market and Nordic welfare models (that's the main reason why 80% want to
keep the Deutsche mark, and the Danes rejected the euro in September).(7)
Put simply, the preservation of the socio-economic systems of North West
Europe which, overall, served them well during the Twentieth Century, can
only survive in any worthwhile form if both globalisation and the EU are
rejected by North West Europe.
Although we have our differences over the EU, it would be churlish of me not
to acknowledge the influence upon my thinking over the last few years of
Woody's paper for the first "Whose Regions?" conference "Regions, Peoples
and Sustainability in North Europe."(8) I admire particularly Woody's
attempt to apply bioregional theory to North West Europe": "One of the
features of to take as a central element a great
waterway system...We don't have anything like that- or do we? If we change
to a water based focus in North West Europe and take the Irish Sea/Western
approaches and the North Sea as rough points of reference, new possibilities
emerge..." Indeed, if we add the English Channel and the North East
Atlantic, there is a bioregional basis for a North West European alliance
upon the lines I advocate. Furthermore, England and its neighbours share
environmental problems i.e. pollution/overfishing in the North Sea, acid
rain from British Isles power stations falling over Scandinavia's forests,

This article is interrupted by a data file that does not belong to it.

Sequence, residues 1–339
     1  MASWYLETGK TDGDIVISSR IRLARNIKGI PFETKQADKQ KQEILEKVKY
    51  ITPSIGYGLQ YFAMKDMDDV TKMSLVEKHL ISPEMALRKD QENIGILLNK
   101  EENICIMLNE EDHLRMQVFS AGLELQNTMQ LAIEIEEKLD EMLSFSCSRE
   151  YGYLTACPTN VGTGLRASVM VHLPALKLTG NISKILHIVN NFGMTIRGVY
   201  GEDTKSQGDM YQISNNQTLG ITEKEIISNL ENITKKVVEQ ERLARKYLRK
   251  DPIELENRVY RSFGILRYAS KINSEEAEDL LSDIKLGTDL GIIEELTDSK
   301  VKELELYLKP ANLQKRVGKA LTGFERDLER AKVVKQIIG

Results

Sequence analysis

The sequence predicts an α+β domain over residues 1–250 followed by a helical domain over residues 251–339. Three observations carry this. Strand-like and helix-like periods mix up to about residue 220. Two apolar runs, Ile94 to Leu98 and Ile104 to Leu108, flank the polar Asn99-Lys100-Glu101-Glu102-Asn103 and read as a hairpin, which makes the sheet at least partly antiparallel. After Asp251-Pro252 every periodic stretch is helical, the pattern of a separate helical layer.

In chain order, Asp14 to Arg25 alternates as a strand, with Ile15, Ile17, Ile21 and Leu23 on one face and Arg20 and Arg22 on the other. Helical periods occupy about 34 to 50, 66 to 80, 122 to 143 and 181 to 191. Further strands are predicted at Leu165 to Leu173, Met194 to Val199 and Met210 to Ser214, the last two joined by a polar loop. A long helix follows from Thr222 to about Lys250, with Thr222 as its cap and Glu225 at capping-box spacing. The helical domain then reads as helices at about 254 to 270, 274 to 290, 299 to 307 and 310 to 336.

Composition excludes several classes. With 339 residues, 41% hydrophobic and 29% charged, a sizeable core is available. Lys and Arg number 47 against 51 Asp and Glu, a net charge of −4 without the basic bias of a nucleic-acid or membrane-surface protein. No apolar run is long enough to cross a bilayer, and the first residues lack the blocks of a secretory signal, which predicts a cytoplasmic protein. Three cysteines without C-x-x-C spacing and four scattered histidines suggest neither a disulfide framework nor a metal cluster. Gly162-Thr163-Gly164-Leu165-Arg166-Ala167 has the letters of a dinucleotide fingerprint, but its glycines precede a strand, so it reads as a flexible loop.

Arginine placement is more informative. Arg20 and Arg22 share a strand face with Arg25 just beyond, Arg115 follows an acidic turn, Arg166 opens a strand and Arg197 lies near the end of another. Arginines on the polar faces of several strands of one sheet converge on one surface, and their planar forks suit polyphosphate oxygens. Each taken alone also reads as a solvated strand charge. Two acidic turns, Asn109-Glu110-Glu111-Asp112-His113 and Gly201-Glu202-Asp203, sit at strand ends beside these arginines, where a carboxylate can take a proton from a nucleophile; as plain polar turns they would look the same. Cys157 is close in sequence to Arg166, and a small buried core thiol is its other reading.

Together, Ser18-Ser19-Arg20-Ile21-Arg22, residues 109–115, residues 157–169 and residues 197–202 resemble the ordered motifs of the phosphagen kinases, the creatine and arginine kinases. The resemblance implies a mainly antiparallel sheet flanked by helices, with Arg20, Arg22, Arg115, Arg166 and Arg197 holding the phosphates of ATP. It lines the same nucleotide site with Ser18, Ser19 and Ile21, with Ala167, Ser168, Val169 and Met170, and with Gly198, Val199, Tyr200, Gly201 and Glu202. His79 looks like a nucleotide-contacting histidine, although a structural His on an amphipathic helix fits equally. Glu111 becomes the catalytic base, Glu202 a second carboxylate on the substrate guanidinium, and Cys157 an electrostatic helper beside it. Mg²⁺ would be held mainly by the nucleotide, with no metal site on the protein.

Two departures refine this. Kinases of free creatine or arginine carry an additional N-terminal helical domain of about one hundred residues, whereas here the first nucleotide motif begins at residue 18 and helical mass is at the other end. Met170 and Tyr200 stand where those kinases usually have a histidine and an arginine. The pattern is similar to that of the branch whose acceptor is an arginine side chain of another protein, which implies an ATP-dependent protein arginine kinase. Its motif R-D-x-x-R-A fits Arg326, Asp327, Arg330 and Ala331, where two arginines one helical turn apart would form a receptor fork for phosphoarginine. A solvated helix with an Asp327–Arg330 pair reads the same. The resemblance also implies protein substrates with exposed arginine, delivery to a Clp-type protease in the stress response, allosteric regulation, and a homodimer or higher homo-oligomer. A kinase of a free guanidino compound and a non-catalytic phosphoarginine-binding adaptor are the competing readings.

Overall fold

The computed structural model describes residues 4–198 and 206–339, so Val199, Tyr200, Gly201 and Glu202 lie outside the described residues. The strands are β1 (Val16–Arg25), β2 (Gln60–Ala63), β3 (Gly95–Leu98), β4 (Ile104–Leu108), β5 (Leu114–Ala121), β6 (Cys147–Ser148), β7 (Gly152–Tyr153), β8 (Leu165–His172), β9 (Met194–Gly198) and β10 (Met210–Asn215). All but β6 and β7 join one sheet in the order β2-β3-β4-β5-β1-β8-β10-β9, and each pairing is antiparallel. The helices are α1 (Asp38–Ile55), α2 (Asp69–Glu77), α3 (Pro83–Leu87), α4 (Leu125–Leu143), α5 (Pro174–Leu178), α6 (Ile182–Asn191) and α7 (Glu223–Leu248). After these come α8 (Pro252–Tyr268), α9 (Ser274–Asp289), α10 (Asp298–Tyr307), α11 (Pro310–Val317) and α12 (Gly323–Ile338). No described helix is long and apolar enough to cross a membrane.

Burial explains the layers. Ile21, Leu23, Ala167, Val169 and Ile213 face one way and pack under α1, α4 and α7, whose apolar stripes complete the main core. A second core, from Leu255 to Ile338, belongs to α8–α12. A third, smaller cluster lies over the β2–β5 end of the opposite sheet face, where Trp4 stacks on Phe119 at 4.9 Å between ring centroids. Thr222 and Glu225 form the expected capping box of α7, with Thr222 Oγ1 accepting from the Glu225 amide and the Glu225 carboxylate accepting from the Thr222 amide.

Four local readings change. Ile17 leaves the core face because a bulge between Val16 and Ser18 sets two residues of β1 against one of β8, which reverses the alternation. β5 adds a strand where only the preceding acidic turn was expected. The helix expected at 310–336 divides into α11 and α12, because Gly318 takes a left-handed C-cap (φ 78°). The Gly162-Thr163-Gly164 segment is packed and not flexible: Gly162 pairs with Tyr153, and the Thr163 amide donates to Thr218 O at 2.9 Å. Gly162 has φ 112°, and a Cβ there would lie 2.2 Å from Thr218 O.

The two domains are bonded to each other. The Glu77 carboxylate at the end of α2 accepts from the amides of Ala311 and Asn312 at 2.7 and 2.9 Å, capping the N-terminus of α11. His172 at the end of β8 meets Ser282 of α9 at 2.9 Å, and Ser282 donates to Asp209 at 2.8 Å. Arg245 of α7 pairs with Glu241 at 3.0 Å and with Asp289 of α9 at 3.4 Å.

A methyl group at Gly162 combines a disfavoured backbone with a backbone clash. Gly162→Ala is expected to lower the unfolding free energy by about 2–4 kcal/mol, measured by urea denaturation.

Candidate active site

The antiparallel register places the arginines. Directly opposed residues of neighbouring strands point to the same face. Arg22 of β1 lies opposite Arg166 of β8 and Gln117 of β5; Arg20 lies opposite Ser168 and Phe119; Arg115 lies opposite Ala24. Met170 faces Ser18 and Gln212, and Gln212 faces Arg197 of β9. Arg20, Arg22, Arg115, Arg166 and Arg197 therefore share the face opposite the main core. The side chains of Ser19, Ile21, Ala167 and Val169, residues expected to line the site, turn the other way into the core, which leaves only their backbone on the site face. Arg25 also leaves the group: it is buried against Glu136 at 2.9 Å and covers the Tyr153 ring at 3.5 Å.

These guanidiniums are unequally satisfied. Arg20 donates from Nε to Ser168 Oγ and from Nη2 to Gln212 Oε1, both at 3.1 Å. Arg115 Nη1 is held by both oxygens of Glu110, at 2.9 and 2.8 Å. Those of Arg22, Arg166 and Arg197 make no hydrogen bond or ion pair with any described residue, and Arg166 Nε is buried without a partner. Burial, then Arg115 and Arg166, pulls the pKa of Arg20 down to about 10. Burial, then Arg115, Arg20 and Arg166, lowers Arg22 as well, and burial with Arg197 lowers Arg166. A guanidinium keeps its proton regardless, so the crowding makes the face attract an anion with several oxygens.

which could be tackled at a North West European level. If we could get the
Norwegians and others to stop whale hunting- even better! (perhaps until we
English ban fox hunting, we cannot really claim any sort of moral high
ground on this issue...).
I hope that this article demonstrates that it is possible to begin thinking
of an England free not only from the UK, but from the USA and EU as well.
Admittedly, this is just a beginning. Furthermore, I do not think that our
North West European neighbours are prefect by any stretch of the
imagination. For example, Scania should get autonomy from Sweden. Moreover,
there is a lot of anti-immigrant feeling in Denmark and Sweden, but how much
of that (and elsewhere) is the result of increasing socio-economic
insecurity and cultural alienation encouraged in the wake of growing
corporate globalisation during recent decades? However, I think that is to
be truly free in the next century it must turn towards its North West
European neighbours- or die.
1. The Anglo-Saxon Chronicle, as quoted in 'The Mercia Manifesto' (The